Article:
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The awkward tension of running ESG strategies at traditional fund firms

A fundamental conflict remains because the long-term aims of sustainable investing and the short-term goals of more traditional fund strategies

The awkward tension of running ESG strategies at traditional fund firms

In many fund houses, just down the corridor from where a new sustainable fund is being run, you will find another team running a traditional strategy. This might invest in industries that usually find themselves screened-out of ethical funds, such as tobacco, arms and oil.

Optimists might say running a sustainability fund at all is a step in the right direction. Others might call it cynical, or even hypocritical, to be riding both horses.

Ethical investment firms such as London-based Tribe Impact Capital promise clients investment opportunities that make a positive impact. So to that end they undertake thorough due diligence on fund managers.

Founder and partner, Amy Clarke, says doing due diligence on the fund house as well as products roots out groups that see sustainable investing as a fad rather than, as she sees it, the investment paradigm the world urgently needs. ‘If the product is only a very, very small percentage of a much larger pot of money, that is arguably undoing all the work its one sustainable product could be aiming to create,’ she says.

Incompatible aims

The time horizon on investments is where ESG strategies differ from many funds. Historically fund managers have come under great pressure to perform against quarterly targets. By contrast sustainable funds, by their nature, have to consider and account for their own long-term non-financial impact.

Asset manager WHEB manages a single long-only global equities strategy and invests exclusively in companies providing solutions to sustainability challenges. Managing partner and chief investment officer, George Latham, joined WHEB after running the sustainable and responsible investment funds at Henderson Global Investors for four years.

Latham questions how practical it is to add a layer of ESG (environmental, social and governance) strategy over a traditional fund and call it sustainable, because it will lead to a mismatch of time horizons.

‘So much of the fund management community runs investment strategies on a short-term basis,’ he says. ‘ESG and sustainability are much longer-term issues so it’s difficult to see the benefits of incorporating them when fund managers have such a short time horizon.’

Aligning cultures is also a real challenge to fund houses running both sustainable and traditional strategies under one roof, Latham says.

BlackRock told New Model Adviser® it has worked to make sure everyone in its investment team is on board. Amelia Tan, director of BlackRock Sustainable Investing, describes winning over the cynics.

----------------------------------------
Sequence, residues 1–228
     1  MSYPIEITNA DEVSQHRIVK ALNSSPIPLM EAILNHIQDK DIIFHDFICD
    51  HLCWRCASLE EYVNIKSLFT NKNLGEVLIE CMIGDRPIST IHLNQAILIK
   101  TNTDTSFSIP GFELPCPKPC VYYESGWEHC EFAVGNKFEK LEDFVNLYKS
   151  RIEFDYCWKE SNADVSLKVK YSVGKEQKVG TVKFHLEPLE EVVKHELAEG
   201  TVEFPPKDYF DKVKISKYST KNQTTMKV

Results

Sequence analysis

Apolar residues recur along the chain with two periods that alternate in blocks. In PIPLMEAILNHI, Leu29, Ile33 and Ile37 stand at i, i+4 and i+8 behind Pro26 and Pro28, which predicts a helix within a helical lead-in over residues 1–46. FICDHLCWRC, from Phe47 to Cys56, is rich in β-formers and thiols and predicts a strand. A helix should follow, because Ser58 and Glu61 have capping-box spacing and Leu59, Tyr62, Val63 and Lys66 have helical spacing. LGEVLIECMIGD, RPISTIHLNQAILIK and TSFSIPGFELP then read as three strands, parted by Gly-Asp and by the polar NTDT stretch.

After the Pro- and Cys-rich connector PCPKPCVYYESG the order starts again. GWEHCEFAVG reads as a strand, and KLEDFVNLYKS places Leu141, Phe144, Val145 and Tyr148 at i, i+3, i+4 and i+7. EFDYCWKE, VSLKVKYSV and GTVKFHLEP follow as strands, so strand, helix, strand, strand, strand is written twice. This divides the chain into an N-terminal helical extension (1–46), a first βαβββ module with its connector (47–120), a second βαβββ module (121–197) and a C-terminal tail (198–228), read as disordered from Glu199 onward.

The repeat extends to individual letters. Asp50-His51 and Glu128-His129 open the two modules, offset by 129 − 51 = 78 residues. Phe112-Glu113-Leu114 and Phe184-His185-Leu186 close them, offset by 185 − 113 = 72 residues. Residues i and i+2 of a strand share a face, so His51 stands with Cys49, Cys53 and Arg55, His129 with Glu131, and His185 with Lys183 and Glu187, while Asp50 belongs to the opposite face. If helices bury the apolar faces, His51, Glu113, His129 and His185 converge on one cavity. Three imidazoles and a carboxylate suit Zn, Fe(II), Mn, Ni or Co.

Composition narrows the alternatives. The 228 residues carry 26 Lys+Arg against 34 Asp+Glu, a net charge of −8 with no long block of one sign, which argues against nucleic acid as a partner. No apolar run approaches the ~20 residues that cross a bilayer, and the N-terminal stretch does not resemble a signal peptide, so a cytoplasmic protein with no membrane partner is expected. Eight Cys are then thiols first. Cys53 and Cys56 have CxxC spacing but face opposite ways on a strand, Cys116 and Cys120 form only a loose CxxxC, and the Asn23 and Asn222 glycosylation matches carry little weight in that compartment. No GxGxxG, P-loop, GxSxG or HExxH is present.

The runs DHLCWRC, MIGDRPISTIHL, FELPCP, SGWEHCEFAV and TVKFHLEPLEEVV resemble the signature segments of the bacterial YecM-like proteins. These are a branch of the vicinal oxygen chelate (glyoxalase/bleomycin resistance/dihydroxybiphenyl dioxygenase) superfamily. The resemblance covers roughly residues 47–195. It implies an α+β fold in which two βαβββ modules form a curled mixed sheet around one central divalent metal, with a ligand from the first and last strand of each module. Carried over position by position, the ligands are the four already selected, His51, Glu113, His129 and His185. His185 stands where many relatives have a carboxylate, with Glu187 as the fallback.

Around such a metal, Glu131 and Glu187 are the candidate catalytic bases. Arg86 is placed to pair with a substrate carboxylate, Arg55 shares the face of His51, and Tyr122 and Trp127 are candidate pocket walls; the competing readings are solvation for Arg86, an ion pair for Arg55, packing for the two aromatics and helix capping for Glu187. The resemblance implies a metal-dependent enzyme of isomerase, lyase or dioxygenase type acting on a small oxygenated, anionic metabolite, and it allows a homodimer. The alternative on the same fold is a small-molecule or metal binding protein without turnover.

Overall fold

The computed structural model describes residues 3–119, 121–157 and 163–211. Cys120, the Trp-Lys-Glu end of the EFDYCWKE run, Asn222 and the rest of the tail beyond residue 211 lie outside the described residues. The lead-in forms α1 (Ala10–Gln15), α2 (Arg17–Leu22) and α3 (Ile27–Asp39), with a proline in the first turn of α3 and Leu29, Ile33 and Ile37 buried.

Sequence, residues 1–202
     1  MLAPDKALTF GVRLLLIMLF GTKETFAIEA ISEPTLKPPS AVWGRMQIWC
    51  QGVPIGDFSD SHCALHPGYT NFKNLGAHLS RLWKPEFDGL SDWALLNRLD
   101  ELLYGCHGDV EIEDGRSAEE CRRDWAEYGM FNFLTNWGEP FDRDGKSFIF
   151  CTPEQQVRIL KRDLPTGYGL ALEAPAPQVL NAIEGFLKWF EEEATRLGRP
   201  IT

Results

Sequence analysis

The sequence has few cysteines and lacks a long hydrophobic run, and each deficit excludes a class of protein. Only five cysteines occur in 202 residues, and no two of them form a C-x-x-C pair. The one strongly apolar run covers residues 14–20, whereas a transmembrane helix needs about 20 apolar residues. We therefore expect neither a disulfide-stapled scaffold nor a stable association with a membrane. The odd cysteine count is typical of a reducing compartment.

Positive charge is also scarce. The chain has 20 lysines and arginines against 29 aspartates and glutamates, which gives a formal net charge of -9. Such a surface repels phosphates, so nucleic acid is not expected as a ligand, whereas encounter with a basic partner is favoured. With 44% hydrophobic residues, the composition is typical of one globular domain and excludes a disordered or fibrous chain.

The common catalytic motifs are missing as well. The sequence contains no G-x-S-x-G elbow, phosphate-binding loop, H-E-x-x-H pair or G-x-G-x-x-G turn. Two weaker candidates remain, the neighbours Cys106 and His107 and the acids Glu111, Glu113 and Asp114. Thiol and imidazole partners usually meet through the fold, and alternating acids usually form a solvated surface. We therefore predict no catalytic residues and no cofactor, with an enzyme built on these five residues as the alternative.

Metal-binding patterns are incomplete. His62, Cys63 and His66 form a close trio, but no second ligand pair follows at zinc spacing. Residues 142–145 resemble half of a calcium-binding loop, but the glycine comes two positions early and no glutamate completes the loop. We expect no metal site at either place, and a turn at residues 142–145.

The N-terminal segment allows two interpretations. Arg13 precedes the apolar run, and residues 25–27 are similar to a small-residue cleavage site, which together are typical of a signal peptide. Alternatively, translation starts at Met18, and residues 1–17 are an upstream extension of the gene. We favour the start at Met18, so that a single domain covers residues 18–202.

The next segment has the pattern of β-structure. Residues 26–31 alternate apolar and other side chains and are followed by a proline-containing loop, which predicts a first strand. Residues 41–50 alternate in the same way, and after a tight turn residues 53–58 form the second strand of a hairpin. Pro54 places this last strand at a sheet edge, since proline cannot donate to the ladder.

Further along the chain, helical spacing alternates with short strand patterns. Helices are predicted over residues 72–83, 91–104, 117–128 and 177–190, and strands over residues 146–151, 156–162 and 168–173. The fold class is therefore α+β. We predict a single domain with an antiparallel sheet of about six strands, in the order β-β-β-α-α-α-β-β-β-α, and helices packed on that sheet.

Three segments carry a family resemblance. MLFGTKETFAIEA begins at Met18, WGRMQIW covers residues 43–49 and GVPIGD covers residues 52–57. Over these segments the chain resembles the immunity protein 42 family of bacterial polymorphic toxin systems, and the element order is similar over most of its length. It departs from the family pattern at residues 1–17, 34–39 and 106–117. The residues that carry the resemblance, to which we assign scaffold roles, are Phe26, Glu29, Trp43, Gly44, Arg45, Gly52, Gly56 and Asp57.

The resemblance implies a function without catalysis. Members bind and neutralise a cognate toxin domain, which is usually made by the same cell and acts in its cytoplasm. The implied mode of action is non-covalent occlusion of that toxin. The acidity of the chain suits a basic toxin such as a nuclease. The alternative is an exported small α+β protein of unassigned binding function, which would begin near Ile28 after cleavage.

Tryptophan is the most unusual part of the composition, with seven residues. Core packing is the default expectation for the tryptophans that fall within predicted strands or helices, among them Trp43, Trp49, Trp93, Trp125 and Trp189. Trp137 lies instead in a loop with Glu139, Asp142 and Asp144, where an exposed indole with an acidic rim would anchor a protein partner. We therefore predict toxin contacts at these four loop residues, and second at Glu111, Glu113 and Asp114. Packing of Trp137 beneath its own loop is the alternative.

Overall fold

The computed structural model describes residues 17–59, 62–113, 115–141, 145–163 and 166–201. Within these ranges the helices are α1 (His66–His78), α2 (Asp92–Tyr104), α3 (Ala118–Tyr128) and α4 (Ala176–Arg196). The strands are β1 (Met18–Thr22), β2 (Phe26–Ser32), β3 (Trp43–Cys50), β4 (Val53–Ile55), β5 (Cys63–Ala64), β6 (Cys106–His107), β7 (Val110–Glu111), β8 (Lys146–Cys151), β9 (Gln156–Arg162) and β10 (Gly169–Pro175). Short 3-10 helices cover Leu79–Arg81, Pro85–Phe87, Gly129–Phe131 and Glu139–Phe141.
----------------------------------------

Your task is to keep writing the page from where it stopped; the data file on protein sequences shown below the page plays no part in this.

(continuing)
When asked if BlackRock takes sustainability seriously while it has funds with top holdings in Royal Dutch Shell and British American Tobacco, Tan says BlackRock needs to consider investors across the globe who may not be ready to switch to sustainable.

‘In the long run sustainability will be the future of investing. At some point in time [the strategies] will blend into one. But you need to think globally,’ she says. ‘European investors may be more dedicated to sustainability objectives, but this is not necessarily echoed across the world.

‘It is our responsibility to have both options available for different types of investors.’

Awkward questions

Latham says some groups might exaggerate the distinction of a fund labelled sustainable as a separate asset class, to stand out from the crowd. Like Clarke, he is also wary that the strategies are something of a bolt-on to the wider group, rather than being core to the business.

Hermes runs two very similar-looking global equity strategies: one ESG and one not.

Andrew Parry, head of sustainable investing at Hermes, says the former was developed by specific request six years ago and remains Hermes’ only ESG fund. But the group is aware of the awkward questions that come from labelling some funds as sustainable and leaving the investor to conclude others are unsustainable.

‘Our chief executive [Saker Nusseibeh] does not want anything labelled ESG. Ideally we want all our portfolios to be considered ESG-integrated.’

He highlights some Hermes’ funds that, although not labelled ESG, are used by investors because they meet that criteria.

Hermes, like BlackRock, sees the future as sustainable but struggles with messaging. Some see ESG as best in class and some see it as exclusionary, says Parry. He notes this is linked to the socially responsible investing funds of 15-to-20 years ago, which did not have enough positive inclusion and disappointed many because they underperformed.

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